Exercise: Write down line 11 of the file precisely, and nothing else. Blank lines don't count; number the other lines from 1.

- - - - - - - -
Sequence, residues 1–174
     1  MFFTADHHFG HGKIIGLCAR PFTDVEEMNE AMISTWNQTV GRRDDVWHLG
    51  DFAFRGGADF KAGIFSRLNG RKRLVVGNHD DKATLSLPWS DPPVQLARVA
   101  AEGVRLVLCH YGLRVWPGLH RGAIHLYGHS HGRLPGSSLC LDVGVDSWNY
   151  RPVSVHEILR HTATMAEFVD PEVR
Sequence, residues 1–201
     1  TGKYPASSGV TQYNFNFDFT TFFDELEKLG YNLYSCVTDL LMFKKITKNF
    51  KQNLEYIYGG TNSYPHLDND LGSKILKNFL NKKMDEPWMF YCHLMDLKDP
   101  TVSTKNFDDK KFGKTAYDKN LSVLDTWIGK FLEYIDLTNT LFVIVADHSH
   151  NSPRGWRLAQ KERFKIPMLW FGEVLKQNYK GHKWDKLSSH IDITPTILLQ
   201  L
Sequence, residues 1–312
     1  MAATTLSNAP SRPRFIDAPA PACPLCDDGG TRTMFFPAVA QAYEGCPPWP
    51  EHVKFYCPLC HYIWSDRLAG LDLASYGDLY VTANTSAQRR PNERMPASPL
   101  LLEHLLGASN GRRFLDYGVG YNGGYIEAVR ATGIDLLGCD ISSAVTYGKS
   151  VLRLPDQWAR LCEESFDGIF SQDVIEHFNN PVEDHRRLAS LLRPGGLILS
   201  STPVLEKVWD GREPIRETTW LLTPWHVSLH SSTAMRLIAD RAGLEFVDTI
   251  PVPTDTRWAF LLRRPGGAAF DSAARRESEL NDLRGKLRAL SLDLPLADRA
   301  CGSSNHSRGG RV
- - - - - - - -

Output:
   201  L